BY ARMSTRONG VAZ
Doha: Golden boy of Qatar athletics Mutaz Essa Barshim has firmly set his sights on clinching a gold medal at the 2016 Olympic Games and cautioned young athletes not to take the doping route to earn glory in track and field.
The 22-year-old long jumper, bronze medal winner at the London Games, said he is working on a plan to clinch gold at the Rio de Janeiro Games.
“I am hungry for success and more medals. Winning the bronze medal at the London Olympics in 2012 has been the high point of my sporting career so far. But I want to win more medals at the Olympics, hopefully I will be on the podium again and achieve better results and win gold at the next Olympics in Brazil,” Barshim said while speaking on the concluding day of the two-day symposium organised by Anti-Doping Lab Qatar (ADLQ).
Elaborating on his sporting achievements Brashim added: “Winning the first place at the 2014 IAAF World Indoor Championships in Poland has been one of the great moments and also winning the gold at the 2010 World Junior Championships in Canada, besides the Asian titles, two of which were indoor’s and an equal number outdoors, are some of the high points of my career so far.”
Barshim said he has had stayed away from performance-enhancing substances and that was due to the sound advice he received time to time from athletics officials in Qatar.
“I take supplements but no doping substances. Those (supplements) are not doping substances but are normal supplements. As we live in the desert there is loss of minerals through dehydration. I train for four to five hours daily and to regain the minerals which I have lost in training I take the supplements. The supplements are for those minerals which are not found in the food I eat,” Barshim explained.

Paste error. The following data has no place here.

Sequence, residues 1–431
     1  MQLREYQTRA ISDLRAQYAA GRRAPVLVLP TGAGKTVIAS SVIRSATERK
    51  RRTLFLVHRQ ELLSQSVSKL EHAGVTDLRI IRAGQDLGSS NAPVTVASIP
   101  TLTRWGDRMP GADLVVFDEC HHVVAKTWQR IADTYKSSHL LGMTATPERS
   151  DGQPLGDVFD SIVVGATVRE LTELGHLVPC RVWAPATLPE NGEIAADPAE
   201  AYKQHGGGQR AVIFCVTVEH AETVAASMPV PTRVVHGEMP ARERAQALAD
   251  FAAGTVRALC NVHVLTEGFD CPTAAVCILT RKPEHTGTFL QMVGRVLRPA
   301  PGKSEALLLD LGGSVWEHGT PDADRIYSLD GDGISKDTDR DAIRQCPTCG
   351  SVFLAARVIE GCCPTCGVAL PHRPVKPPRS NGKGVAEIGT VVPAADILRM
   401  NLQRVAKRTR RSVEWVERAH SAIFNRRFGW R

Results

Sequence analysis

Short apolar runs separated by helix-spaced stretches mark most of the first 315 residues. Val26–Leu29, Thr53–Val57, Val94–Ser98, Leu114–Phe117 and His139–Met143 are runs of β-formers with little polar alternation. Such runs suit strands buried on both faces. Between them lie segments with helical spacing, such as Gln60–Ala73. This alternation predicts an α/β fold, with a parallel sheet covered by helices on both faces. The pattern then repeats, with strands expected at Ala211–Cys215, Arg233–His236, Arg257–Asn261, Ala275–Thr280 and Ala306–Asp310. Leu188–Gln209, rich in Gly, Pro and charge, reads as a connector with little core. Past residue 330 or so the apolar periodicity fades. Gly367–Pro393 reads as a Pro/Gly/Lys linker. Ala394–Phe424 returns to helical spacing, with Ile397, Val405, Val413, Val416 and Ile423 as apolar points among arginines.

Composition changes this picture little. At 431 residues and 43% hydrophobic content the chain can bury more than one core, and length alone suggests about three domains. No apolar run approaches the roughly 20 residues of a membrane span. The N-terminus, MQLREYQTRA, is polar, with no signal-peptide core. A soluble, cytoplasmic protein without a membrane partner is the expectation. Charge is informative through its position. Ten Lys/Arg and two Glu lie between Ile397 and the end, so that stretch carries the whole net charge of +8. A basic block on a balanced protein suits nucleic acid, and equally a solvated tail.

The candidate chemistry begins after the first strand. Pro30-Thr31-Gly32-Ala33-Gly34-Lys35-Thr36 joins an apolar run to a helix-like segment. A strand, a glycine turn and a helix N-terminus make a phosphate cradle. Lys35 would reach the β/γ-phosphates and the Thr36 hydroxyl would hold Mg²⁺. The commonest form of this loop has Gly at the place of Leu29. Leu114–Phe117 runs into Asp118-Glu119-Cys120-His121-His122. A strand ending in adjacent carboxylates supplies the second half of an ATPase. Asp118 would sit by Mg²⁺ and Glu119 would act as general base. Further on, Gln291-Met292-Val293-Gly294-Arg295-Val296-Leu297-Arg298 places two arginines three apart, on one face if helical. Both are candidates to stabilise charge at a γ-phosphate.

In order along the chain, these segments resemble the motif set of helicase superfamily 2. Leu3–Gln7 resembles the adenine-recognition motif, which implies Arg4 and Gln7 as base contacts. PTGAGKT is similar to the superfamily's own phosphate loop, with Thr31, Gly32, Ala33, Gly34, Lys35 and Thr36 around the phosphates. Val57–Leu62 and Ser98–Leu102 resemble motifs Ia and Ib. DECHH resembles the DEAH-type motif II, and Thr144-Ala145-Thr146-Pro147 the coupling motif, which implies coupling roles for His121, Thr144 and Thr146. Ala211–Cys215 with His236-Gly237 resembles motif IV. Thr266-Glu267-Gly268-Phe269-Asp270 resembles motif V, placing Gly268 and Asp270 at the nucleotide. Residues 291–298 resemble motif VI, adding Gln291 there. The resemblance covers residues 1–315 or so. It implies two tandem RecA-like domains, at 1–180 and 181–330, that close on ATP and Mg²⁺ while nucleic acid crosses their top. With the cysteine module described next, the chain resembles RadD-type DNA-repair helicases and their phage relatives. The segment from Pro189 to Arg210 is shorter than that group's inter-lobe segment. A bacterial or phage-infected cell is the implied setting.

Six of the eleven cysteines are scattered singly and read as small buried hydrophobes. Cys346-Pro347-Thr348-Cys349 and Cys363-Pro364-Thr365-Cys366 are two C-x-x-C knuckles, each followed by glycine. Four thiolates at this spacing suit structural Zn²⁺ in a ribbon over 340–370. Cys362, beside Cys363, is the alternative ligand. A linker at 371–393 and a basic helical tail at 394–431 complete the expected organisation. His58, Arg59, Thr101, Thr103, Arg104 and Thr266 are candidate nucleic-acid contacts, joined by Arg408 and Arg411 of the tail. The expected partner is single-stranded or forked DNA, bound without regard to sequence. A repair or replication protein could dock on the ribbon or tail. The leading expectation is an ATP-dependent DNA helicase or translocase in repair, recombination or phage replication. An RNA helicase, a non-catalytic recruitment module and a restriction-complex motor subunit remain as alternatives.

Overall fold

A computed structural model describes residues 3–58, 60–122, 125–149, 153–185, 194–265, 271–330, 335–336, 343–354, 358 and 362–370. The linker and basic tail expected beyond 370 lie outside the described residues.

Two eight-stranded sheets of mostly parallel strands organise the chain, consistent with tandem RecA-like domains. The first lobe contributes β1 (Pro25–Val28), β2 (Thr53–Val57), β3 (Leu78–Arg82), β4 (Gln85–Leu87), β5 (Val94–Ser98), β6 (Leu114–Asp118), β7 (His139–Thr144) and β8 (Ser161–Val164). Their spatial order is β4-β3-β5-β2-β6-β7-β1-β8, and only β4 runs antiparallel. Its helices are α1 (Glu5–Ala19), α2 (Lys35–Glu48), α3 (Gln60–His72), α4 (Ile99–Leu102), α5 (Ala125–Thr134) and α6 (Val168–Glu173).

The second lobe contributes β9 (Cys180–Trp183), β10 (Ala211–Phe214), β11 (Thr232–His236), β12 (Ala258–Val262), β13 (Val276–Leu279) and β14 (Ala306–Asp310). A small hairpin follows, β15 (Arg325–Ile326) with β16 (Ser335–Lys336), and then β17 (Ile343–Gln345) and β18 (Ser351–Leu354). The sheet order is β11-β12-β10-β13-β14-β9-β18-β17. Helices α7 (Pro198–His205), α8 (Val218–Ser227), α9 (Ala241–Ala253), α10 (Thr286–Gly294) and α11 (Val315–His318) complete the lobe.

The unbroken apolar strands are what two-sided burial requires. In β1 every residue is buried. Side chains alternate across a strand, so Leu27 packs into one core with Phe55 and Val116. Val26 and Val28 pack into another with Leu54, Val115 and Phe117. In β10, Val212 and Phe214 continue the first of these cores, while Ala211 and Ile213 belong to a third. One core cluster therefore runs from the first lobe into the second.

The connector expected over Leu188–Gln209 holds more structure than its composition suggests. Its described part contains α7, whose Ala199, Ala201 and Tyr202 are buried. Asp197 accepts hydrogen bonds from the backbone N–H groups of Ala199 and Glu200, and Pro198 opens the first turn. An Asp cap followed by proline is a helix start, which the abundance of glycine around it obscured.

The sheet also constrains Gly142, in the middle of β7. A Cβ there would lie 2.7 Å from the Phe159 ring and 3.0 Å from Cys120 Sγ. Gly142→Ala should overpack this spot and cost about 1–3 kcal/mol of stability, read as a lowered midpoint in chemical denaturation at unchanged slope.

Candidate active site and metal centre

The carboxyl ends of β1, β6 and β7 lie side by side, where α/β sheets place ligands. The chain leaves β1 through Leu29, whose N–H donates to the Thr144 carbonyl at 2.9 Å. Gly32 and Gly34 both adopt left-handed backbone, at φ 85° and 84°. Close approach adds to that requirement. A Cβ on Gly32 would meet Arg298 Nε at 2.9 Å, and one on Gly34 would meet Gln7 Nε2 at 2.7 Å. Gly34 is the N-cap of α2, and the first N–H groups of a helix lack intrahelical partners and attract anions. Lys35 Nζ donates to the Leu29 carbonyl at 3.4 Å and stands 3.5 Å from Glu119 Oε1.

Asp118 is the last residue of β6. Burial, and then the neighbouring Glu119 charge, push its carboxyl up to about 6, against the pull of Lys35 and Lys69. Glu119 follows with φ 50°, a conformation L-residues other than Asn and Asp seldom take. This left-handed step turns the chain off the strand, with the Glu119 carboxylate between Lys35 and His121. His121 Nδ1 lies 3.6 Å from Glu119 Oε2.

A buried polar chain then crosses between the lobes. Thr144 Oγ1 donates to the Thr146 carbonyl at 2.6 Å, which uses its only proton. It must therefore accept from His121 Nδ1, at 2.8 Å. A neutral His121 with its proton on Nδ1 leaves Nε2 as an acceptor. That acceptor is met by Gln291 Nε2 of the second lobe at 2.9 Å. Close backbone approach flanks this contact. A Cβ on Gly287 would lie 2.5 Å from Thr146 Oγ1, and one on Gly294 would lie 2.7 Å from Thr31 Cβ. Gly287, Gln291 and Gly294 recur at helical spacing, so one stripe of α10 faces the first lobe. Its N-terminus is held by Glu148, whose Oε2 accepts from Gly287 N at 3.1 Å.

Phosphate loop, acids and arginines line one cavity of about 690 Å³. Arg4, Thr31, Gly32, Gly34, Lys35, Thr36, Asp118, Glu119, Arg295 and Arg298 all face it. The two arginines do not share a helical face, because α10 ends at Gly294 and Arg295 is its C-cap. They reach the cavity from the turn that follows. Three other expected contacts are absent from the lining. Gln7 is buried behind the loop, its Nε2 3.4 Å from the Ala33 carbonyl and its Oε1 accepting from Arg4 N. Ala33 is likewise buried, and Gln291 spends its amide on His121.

“I try to focus on my performance and not think what others are doing. With technological advances the drug cheats will be caught at some point in time, it may take too long, but they are sure to be caught,” he said.
When asked if he had been offered any doping materials by coaches, fellow athletes or trainers in his career, Barshim replied in the negative.
“Not yet (and it is) too late. We have good schools which educate and spread awareness on the ill effects of doping. We are also taught as to how to deal with such situations (when people approach with offers of doping). Deep down I am happy what I have achieved a lot without the help of drugs,” added Barshim, who stands 1.92m tall and weights 70kg.
Barshim, the first graduate of the state-of-the-art Aspire Academy to compete at the world championship-level and hold the national record in an Olympic sport, said he is following a strict diet much to his own dislike.
“In high jump, you have to be very careful about your body. The nature of my diet depends on the advice I get from my doctor and physio. They are the ones who guide me on the calories intake and the food I have to eat and what my body requires.
“I do not like the food I have to eat, but I have no choice. As a professional athlete, I have go by the advice of my team. I have not done anything like this before (eating food I dislike). My mother is not happy about it,” added Barshim, son of an athletics coach.
“My diet will kill you, it is not for you,” he said in lighter vein, in response to a question.
Barshim appreciated the work of World Anti-Doping Agency (WADA) officials who have been able to keep the sport clean.
There have been instances when WADA officials have come calling in the dead of the night to collect the samples, he said.
“The system is good. You have been woken up dead in the night or early morning or sometimes in the evening, but that is part of their job to keep the sports clean,” he added. THE PENINSULA